If you need a shining example of the raw talent in UK Garage you need look no further than Ed Case. Making his mark in drum & bass a few years back he decided that in order to push it forward musically he had to look in other areas. Fast forward to the year 2001 and a Gorillaz remix has put him amongst the Garage elite. We caught up with Ed backstage at the Pepsi chart to find out where that name's from, why he never uses samples and to get the lowdown on the debut album.
Q: First and foremost - where's the name come from?
A: Well basically, when I was about 13 I used to go out with my older brother to these festivals and raves (like when raves first started happening) and his mates started calling me Head Case cos' I was too young. It went from there and my names Edwin so I just shortened it to Ed really.
Q: Before UK Garage you were a big name in the Drum & Bass scene?
A: That where I came from but when drum & bass took a twist for the worse and it became much more DJ music rather than something that people could go out, buy and actually listen to then I started making UK Garage. I'd been playing piano for 7 years so I wanted to make music as well as beats.
Q: Do you think UK Garage could go the same way as drum & bass or is it here to stay in the mainstream?
A: Well there's definitely a big underground garage scene and what you're hearing in the mainstream is not necessarily what's getting played in the clubs. I don't really like to label it personally, but I think the tracks that I'm making comes from the underground then it blows up to the mainstream.
Obviously you're going to get bands that are put together and whatever. But if someone's actually going into the studio and making a track and its from the heart that should be it. If its a brilliant track then its a brilliant track - doesn't matter what it is.
Q: It was the Gorillaz remix that got your name into the mainstream though wasn't it?
A: You know I've been making music for 3 or 4 years now and I do a lot of different styles of music. It all came about cos' Damon Albarns got a unit next to us in the studio, he played us the Gorillaz album and I really liked. So it went from there to talking about doing remixes and "Clint Eastwood" was the one I chose.
We done it in a night with Sweetie, Damon came in the next morning and said wicked. That was it and it got a mind of its own really - totally out of control!!!!
Q: Who do you look up to musically because Garage, or even drum & bass, hasn't got the history that would come easily for a rock band?
A: I respect a lot of musicians coming from a lot of musical backgrounds. I love a lot of Cuban music and South American music. There's a guy called Ruban Gonzalez who is one of the best piano players in the world, but he's Cuban so he's not classical if you know what I mean. There's people from other types of music I like - I mean I love Coldplay and just appreciate it for the music!!!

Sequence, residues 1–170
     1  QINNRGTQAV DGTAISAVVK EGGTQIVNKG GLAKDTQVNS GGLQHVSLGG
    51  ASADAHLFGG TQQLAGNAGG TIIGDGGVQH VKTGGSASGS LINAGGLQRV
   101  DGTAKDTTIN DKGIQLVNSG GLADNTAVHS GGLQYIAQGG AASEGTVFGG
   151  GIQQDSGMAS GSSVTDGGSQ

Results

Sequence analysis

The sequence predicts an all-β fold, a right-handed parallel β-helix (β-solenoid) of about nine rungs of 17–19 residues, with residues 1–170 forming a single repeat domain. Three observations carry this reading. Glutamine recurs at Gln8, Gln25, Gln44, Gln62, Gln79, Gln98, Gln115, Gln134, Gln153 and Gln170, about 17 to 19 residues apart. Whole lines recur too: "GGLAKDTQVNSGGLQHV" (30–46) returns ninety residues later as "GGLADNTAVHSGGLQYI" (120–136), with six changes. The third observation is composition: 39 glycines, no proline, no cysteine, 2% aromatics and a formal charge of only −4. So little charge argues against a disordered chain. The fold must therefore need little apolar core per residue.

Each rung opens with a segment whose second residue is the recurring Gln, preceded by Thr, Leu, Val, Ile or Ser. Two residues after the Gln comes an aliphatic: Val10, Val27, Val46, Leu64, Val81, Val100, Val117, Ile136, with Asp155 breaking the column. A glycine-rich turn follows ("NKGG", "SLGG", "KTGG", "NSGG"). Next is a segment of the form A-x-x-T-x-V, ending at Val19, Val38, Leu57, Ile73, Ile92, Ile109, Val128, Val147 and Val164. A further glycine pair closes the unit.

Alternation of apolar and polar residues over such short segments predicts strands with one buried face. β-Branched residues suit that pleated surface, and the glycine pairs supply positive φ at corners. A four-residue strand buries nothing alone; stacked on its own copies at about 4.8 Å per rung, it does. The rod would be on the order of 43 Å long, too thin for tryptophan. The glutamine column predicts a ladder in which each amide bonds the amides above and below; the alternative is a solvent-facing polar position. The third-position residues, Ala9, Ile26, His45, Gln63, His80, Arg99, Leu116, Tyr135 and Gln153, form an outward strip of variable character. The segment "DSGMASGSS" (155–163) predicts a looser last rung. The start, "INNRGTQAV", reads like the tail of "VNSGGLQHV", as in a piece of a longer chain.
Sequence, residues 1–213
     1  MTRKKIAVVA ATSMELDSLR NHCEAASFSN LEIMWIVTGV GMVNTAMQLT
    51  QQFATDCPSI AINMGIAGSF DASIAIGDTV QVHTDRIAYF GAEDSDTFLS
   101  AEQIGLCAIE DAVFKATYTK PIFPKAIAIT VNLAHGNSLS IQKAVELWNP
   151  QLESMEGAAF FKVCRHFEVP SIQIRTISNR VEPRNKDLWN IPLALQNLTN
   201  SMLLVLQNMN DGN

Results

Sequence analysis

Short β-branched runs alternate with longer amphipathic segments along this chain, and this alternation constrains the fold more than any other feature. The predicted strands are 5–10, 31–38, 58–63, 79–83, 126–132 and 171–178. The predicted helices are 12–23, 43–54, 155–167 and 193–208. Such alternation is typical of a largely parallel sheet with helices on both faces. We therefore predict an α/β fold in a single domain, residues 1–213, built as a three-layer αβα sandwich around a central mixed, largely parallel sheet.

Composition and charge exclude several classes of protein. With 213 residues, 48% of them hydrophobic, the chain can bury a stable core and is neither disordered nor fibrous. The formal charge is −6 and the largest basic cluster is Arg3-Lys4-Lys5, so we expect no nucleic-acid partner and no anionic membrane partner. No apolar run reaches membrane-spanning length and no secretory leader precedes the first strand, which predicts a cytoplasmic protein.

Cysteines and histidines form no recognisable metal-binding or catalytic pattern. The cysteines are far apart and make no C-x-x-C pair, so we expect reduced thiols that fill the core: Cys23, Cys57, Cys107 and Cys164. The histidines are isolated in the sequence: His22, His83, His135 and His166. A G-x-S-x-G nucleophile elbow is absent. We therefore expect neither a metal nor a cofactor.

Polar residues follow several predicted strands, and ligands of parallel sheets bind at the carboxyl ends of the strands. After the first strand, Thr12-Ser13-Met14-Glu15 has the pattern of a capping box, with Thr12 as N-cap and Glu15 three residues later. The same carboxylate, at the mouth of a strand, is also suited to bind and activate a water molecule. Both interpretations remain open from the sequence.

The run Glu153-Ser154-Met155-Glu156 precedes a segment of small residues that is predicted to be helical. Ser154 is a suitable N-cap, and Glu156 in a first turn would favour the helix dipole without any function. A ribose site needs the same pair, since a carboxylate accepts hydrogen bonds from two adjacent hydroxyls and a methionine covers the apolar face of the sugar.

Q: You've got the album later in the year. What can we expect from that?
A: I've got a mixture of tracks on there. There's the underground track like "Who?" which was good because basically I didn't want to come out with a watered down track after signing to Columbia - its still got the edge of what i've always been doing. The next one will probably be completely different. What I like doing is taking it somewhere else and being a bit innovative with it. Whether it goes in the chart doesn't matter - I'm not looking at that pressure at all.
The albums about 3/4's of the way finished. There's a few people I've got to link up with. There will be something on there for everyone - MC tracks, R&B garage!!! Listening tracks are really important cos' albums should be for people to listen to - its not just for a club or a party so there's some brilliant songs on there.
Q: Collaboration wise what can we expect then?
A: Sweetie, Elizabeth Troy - its gonna be all good!!! There's also people I've been working with for 3 or 4 years that are going to be just as good as the well known people. Its not about getting names on the record - its about making quality music and quality songs at the end of the day so if I don't like them they won't be on the album no matter who it is!!!
Q: One rule you've always stuck to is to never use samples - you must be about the only guy who doesn't in dance circles?
A: I make the riff's myself and hopefully they're good enough to stick in people's heads. I try to be quite simple with it but use a lot of sounds so when you put it together its doing something really complicated. I've got a lot of ideas to get down at the moment so in truth a lot of remix and production work is being turned down at the moment - i just need to concentrate on my own stuff for a while.
"Who" is out now on Columbia